Trudeau launch update: Everywhere but Ottawa
Make that four provinces for Justin Trudeau's first week as a Liberal leadership candidate. Apparently, Justin Trudeau will also be touching down in Alberta this week after he kicks off his campaign tonight, in addition to previously announced stops scheduled in Mississauga and B.C.
At the moment, we in the media are dealing with the Trudeau campaign much like that old tale about the blind persons and the elephant, each of us knowing bits and pieces of the organization (and the itinerary), but not the full size of it. Just yesterday, I was chatting with one of my French-media counterparts, and we made a casual agreement to pool what little knowledge we were gathering. We didn't catch word of the Alberta event, obviously.
This may be just the product of an operation not fully in gear yet; it may also be a somewhat deliberate decision to keep distance between the Trudeau campaign and the political media in the capital. And if it's the latter, it's an interesting comment on what some Liberals (not just those supporting Trudeau) believe were the mistakes of campaigns past.
During the 2011 campaign, I heard repeated mutterings from (as always) anonymous Liberals about how the party was campaigning to please the Ottawa press gallery and not Canadians outside the "bubble." All the Liberals' election talk about the Conservatives' alleged offences against democracy, for instance, were going right over the heads of the Tim Hortons crowd. Similarly, Mr. and Mrs. Average Canadian didn't care how political leaders were treating the media travelling with them. So Liberals weren't gaining any public-opinion points for conducting press conferences that were less restricted than Stephen Harper's five-question encounters to roped-off reporters. In short, the Liberals conducted the campaign that was most accommodating to the media last campaign, and it netted them a third-place finish.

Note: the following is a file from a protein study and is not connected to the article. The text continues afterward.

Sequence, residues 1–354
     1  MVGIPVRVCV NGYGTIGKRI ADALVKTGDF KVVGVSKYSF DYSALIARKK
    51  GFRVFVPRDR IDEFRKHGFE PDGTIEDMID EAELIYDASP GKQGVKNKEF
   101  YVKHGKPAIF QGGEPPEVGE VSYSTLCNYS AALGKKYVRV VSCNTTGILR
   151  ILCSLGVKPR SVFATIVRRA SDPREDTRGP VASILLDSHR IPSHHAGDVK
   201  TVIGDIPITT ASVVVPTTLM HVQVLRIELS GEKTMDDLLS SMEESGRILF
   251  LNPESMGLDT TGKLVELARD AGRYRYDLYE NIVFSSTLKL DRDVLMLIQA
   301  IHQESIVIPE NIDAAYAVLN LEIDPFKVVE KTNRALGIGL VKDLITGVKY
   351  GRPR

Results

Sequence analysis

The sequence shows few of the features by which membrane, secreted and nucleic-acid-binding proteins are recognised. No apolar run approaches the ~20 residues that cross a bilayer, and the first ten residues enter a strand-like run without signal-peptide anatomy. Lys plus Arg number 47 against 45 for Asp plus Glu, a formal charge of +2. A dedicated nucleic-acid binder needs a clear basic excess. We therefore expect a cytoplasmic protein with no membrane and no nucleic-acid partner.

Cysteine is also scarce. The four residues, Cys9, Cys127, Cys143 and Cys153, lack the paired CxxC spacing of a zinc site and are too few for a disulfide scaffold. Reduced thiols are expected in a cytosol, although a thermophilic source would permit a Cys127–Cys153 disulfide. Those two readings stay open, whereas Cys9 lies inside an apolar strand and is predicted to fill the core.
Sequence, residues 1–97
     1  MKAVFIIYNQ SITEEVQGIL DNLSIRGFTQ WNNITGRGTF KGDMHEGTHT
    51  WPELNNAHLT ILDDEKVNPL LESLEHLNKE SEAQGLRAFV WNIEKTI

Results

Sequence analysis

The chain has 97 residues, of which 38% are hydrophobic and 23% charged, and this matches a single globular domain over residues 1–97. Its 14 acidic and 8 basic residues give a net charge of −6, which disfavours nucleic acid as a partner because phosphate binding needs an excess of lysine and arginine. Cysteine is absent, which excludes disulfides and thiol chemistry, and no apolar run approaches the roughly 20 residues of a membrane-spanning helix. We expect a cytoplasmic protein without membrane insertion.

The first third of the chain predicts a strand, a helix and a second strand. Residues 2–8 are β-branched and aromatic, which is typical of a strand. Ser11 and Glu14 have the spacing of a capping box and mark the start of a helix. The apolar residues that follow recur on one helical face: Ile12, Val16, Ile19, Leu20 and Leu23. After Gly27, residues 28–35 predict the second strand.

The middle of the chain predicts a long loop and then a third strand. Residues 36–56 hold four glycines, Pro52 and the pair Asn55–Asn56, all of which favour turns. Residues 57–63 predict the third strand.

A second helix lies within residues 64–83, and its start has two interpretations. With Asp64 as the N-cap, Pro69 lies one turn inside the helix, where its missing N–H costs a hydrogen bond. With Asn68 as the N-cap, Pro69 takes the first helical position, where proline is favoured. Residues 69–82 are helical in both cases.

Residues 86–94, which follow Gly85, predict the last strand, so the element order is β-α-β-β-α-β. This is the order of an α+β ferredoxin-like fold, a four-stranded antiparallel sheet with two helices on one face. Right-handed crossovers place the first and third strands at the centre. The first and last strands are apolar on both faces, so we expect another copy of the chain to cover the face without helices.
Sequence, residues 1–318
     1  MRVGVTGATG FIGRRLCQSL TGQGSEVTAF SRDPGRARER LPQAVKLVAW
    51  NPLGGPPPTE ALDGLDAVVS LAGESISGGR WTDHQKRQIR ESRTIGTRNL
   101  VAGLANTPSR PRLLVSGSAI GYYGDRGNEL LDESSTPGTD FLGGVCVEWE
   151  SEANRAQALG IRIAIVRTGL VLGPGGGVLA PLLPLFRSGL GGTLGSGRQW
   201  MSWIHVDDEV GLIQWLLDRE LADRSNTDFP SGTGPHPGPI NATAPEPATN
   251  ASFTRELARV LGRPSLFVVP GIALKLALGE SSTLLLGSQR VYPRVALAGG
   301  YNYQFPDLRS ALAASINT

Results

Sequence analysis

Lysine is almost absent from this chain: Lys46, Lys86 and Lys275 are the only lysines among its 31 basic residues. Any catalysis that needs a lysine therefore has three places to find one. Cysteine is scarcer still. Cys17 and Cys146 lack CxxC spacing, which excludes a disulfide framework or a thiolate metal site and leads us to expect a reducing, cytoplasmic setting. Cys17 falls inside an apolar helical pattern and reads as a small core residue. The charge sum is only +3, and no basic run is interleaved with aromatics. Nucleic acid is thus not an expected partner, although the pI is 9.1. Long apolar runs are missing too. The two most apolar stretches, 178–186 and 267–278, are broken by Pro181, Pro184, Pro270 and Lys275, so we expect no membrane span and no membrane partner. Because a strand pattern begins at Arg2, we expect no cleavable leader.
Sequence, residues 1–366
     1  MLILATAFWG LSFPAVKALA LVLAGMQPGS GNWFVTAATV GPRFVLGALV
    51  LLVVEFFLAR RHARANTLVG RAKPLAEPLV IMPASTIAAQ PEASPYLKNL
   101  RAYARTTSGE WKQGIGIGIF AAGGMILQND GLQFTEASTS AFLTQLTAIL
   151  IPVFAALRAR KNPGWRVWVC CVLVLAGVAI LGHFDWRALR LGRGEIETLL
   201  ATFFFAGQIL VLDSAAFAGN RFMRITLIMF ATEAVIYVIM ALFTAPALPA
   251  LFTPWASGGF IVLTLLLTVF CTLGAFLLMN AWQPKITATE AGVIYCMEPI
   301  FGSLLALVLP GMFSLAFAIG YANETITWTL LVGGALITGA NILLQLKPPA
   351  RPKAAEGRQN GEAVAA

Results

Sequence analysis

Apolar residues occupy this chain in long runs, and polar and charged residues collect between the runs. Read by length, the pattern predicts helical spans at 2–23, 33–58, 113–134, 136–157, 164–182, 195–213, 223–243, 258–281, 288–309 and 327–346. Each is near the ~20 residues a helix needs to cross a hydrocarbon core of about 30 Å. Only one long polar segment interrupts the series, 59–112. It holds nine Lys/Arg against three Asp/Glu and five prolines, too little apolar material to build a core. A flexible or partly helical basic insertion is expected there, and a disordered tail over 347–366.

Cast forward to 2012, and we may be starting to see the product of this hard lesson learned. The New Democrats have already instituted their own version of the tight-message discipline of the Conservatives and we shouldn't be surprised to see the Liberals starting to also care less about being Ottawa-media-friendly. In at least a couple of conversations I had with Trudeau-team members the past few days, I got the impression that they don't mind if their candidate is seen at odds with the usual pundit class in Ottawa. The more harsh words from the press gallery, the better, even.
And that also probably explains why Ottawa is not on the multiple-city launch for the Trudeau campaign this week. Prime Minister Stephen Harper hasn't held a press conference in the capital since 2009, and that hasn't appeared to hurt him at all in the court of public opinion. Trudeau's dad used to say that MPs were nobodies as soon as they got 50 yards away from Parliament Hill. Now the reverse seems to be true -- you're nobody until you get far away from the Ottawa bubble.